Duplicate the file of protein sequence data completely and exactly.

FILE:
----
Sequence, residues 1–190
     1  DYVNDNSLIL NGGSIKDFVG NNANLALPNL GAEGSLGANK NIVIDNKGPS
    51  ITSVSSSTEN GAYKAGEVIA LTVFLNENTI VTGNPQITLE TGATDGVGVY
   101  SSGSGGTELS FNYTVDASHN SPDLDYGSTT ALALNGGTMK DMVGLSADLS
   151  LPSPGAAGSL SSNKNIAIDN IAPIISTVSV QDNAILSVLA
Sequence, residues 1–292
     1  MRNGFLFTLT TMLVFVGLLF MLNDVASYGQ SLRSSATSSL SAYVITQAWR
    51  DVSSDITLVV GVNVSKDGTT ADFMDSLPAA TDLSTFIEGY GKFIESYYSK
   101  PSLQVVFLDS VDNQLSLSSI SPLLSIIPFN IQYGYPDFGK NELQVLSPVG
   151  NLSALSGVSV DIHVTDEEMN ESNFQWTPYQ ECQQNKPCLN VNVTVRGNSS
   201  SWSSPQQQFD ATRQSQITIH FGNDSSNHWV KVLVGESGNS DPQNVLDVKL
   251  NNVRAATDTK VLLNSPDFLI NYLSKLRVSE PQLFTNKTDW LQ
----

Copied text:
Sequence, residues 1–190
     1  DYVNDNSLIL NGGSIKDFVG NNANLALPNL GAEGSLGANK NIVIDNKGPS
    51  ITSVSSSTEN GAYKAGEVIA LTVFLNENTI VTGNPQITLE TGATDGVGVY
   101  SSGSGGTELS FNYTVDASHN SPDLDYGSTT ALALNGGTMK DMVGLSADLS
   151  LPSPGAAGSL SSNKNIAIDN IAPIISTVSV QDNAILSVLA
Sequence, residues 1–292
     1  MRNGFLFTLT TMLVFVGLLF MLNDVASYGQ SLRSSATSSL SAYVITQAWR
    51  DVSSDITLVV GVNVSKDGTT ADFMDSLPAA TDLSTFIEGY GKFIESYYSK
   101  PSLQVVFLDS VDNQLSLSSI SPLLSIIPFN IQYGYPDFGK NELQVLSPVG
   151  NLSALSGVSV DIHVTDEEMN ESNFQWTPYQ ECQQNKPCLN VNVTVRGNSS
   201  SWSSPQQQFD ATRQSQITIH FGNDSSNHWV KVLVGESGNS DPQNVLDVKL
   251  NNVRAATDTK VLLNSPDFLI NYLSKLRVSE PQLFTNKTDW LQ